Kukla's Korner Hockey
Tom Gulitti at Fire & Ice asked Devils’ GM Lou Lamoriello, “What’s Wrong with the Ice?”
Lamoriello said the problem has been with a malfunctioning computer that is supposed to regulate the ice’s temperature, hardness, etc. These things can be affected by numerous factors: the outdoor temperature, humidity, being covered for basketball games, concerts and other events. For Sunday’s game against Atlanta, they turned off the computer and changed the settings manually. The idea, however, is to get the computer working properly.
“We’ve been talking to CIMCO and had people from the NHL here to work on (the ice),” Lamoriello said. “This is the best system in the country. There’s no excuse not to have the best ice. We’re completely comfortable that this is all going to get straightened out.”
From Eric Duhatschek at the Globe & Mail,
Truth be told, the player the Ducks would most like to ship out is Todd Marchant who earns $2.517 million - too much for what he brings to the table as a fourth-line checking forward. Who would take Marchant, up front, at the figure? No one. That’s why the Ducks might need to get creative to make a deal happen. Someone with salary-cap space might take Marchant off their hands, provided Anaheim sweetened the deal by including their own 2008 first-round choice in the transaction.
from Bob McKenzie of TSN,
Could this be the week Scott Niedermayer ends his retirement and returns to the Anaheim Ducks?
It’s beginning to look that way.
Sources close to Niedermayer suggest he is prepared to return to the NHL team in the near future.
from the Ducks Blog at the OC Register,
Todd Marchant admitted it was a tough pill to swallow Sunday when he was a healthy scratch for only the second time in his 14-year career.
“As a player, I’m not happy about it, but the only thing I can do is control what I can control,”
Marchant has been moved around the forward spots and played on mulitple lines this season. Coach Randy Carlyle said he would like to see more tenacity from Marchant, a former Olympian who has been known as one of the faster skaters in the NHL.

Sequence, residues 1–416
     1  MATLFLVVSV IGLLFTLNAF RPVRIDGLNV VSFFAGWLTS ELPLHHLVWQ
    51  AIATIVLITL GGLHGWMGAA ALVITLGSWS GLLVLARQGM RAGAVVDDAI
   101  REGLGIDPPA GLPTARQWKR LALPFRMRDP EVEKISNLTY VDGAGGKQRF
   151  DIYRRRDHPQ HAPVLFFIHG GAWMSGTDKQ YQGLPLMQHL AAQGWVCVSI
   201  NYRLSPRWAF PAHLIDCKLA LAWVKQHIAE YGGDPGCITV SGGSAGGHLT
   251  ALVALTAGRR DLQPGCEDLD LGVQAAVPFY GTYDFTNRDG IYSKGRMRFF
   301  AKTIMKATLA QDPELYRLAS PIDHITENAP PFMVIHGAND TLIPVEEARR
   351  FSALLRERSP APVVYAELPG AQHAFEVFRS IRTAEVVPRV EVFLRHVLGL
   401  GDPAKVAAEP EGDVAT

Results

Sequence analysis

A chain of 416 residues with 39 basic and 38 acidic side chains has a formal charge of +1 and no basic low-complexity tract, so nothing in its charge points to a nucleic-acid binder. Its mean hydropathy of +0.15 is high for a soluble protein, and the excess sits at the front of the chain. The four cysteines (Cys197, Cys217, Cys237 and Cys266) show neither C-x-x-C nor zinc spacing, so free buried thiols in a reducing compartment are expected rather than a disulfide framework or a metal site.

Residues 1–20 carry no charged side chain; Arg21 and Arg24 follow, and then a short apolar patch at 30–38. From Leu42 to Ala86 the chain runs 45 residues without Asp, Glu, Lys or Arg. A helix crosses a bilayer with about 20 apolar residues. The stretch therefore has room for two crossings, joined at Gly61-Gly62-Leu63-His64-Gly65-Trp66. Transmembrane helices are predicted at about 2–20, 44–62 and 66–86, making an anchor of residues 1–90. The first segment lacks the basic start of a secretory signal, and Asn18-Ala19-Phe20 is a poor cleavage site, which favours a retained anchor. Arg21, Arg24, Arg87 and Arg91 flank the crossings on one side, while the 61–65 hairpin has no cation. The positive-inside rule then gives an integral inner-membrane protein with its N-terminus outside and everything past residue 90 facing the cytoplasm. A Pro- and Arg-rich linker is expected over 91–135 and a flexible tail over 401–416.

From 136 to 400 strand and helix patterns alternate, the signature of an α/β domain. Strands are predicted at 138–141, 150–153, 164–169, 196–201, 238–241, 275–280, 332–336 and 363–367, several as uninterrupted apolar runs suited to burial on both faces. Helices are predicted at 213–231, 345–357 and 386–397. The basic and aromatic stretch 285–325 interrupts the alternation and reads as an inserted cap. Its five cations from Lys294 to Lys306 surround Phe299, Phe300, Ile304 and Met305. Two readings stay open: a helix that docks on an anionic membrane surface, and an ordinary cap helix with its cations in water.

“Todd Marchant’s a skating hockey player, and he’s got to be on the puck all the time,” Carlyle said. “My expectations for our whole group are that we have to more of a skating group.”
from Kevin Allen of USA TODAY,
In an era of pro leagues seemingly trying to curtail individualism through rules about what can’t be worn or done on the field, the NHL celebrates, even promotes, the goalie’s right to turn essential equipment into works of art.
“Like snowflakes and fingerprints, no two masks are alike anymore, which is fabulous for the goalies and fans,” says Frank Brown, the NHL’s group vice president for media relations.
from the CP via TSN,
Log on to the Facebook social networking website and there are 500-plus newsgroups dedicated to the 20-year-old from Cole Harbour, N.S.
One is dedicated to counting down the days until Crosby leaves Pittsburgh as a free agent to join the team of his childhood love, the Montreal Canadiens.
There’s an “I Hate Sidney Crosby” group, complete with his head pasted on a pink flower print dress. The antidote is the “I Hate Crosby Haters” group.